Army-Police Cooperation in Australia’s Anti-Terrorist Response


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Australia’s Federal Government has been bolstering its anti-terrorist capabilities. Among the reforms – South Australia’s elite police squad will be trained by the military and the State’s Defence Force officers.

The Defence Act will be overhauled to make it easier for states to request military help and allow the crack ADF officers to lead the assault on militant strikes.

Prime Minister Malcolm Turnbull said state authorities would be given extra support to prepare for terrorist incidents and comprehensive military help would be made available if an attack occurred. “The state and territory police forces remain the best first response to terrorist incidents, immediately after an attack starts,’’ he said.

According to the plan, South Australian STAR group police would be able to undertake training with Army Special Forces teams and Defence would offer to station liaison and engagement officers with state police.

According to, an overhaul of Defence “call-out” powers would remove a provision that currently prevents state police from asking for specialist military help until they believe their capacity to respond to an attack has been exceeded. Soldiers called out to help during a terrorist incident would be given additional police-type powers, including the authority to prevent suspected terrorists from leaving the scene of an incident.

If a terrorist attack occurred in Southern Australia, it could take several hours for specialist military forces to arrive from interstate to assist police. The Prime Minister said that proposed reforms would make it easier for Defence to work together with federal, state and territory police in the event of a terrorist incident.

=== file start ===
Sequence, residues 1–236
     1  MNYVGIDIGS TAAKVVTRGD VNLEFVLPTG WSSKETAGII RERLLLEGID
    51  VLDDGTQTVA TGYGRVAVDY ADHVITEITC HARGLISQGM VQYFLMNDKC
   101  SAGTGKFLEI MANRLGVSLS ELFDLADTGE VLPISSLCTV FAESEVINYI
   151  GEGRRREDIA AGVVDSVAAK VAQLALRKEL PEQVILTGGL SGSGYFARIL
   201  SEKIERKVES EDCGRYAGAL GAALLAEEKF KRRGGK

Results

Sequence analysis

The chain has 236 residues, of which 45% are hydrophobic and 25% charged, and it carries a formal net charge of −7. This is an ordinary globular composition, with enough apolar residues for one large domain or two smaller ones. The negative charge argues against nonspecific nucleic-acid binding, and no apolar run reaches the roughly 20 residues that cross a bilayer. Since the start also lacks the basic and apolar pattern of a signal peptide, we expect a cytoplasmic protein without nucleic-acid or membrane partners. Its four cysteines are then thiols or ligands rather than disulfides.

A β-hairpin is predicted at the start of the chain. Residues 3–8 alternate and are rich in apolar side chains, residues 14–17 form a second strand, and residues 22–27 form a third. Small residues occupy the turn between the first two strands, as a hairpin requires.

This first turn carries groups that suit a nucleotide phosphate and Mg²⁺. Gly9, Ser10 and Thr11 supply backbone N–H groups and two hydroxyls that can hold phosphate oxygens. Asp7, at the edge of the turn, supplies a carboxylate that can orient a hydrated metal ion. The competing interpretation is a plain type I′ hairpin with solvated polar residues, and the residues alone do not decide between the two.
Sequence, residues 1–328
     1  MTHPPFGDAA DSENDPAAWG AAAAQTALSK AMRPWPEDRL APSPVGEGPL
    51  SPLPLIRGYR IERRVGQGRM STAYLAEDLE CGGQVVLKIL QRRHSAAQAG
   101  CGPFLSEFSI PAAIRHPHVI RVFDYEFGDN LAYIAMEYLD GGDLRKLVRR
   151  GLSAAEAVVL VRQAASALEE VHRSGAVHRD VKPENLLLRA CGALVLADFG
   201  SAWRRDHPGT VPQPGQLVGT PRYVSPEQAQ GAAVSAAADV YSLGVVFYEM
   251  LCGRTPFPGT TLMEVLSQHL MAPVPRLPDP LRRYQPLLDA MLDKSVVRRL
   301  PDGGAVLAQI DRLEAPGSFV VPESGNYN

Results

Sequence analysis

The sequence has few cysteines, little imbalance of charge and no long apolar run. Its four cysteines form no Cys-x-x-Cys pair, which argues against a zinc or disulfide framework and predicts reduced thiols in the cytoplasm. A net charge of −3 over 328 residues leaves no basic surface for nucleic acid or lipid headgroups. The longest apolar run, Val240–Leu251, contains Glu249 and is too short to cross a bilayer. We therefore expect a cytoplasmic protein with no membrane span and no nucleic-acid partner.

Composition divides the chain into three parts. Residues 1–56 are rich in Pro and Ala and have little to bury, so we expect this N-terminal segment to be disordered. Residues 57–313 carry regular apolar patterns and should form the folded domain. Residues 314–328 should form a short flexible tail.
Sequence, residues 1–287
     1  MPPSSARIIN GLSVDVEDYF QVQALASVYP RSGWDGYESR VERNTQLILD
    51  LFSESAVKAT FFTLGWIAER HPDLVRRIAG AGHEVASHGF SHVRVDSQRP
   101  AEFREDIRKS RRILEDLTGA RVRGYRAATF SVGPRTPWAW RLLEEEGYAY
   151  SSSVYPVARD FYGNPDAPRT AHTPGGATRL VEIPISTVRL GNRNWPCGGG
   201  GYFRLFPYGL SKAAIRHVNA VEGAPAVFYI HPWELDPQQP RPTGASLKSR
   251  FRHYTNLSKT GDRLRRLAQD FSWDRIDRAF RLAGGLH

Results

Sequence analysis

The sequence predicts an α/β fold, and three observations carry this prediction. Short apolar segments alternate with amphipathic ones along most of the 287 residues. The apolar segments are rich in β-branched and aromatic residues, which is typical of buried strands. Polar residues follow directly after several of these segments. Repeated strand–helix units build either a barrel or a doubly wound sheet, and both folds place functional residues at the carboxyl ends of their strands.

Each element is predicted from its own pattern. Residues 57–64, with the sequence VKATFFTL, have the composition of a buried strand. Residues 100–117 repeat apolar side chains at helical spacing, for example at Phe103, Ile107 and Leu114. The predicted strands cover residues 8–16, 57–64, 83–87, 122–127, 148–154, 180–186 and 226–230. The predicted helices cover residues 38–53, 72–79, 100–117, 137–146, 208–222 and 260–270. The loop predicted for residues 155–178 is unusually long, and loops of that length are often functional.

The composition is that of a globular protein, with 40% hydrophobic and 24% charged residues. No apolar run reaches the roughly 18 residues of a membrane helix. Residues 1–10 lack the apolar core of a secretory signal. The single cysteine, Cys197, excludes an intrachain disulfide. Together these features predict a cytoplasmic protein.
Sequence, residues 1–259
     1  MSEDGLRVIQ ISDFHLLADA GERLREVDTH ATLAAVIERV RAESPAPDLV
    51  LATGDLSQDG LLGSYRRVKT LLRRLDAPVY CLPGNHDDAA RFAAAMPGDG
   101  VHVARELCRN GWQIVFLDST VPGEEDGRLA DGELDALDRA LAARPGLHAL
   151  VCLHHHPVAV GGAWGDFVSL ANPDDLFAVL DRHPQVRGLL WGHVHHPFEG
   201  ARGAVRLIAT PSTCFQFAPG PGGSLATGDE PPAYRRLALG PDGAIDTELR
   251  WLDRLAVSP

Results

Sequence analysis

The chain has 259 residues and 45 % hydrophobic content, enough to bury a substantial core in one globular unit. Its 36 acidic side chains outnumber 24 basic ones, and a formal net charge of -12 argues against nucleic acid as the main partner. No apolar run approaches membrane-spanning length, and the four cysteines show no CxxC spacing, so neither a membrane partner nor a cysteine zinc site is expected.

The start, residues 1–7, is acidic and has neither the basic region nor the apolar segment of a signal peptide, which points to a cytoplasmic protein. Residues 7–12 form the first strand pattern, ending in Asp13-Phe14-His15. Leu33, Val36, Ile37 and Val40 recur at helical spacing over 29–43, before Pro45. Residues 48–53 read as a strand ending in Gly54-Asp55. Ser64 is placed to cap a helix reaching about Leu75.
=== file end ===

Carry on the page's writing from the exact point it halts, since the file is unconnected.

“Defence must be able to contribute effectively to domestic counter-terrorism efforts, in addition to its offshore counter-terrorism missions and regional capacity-building activities,” he said.

During the 2014 Martin Place siege, tactical assault troops at the Holsworthy Army barracks in Sydney built a replica of the Lindt Cafe and spent several hours practicing a hostage rescue mission. The army also sent a liaison officer to the NSW Police forward command post.

The Federal Government last year announced a review of Defence’s support for national counter-terrorism arrangements in response to the Lindt siege and several attacks overseas, including the 2016 co-ordinated attacks in central Paris.

Last week, the Federal Government announced it would introduce laws forcing tech companies to help authorities access encrypted messages sent by terror suspects and other criminals.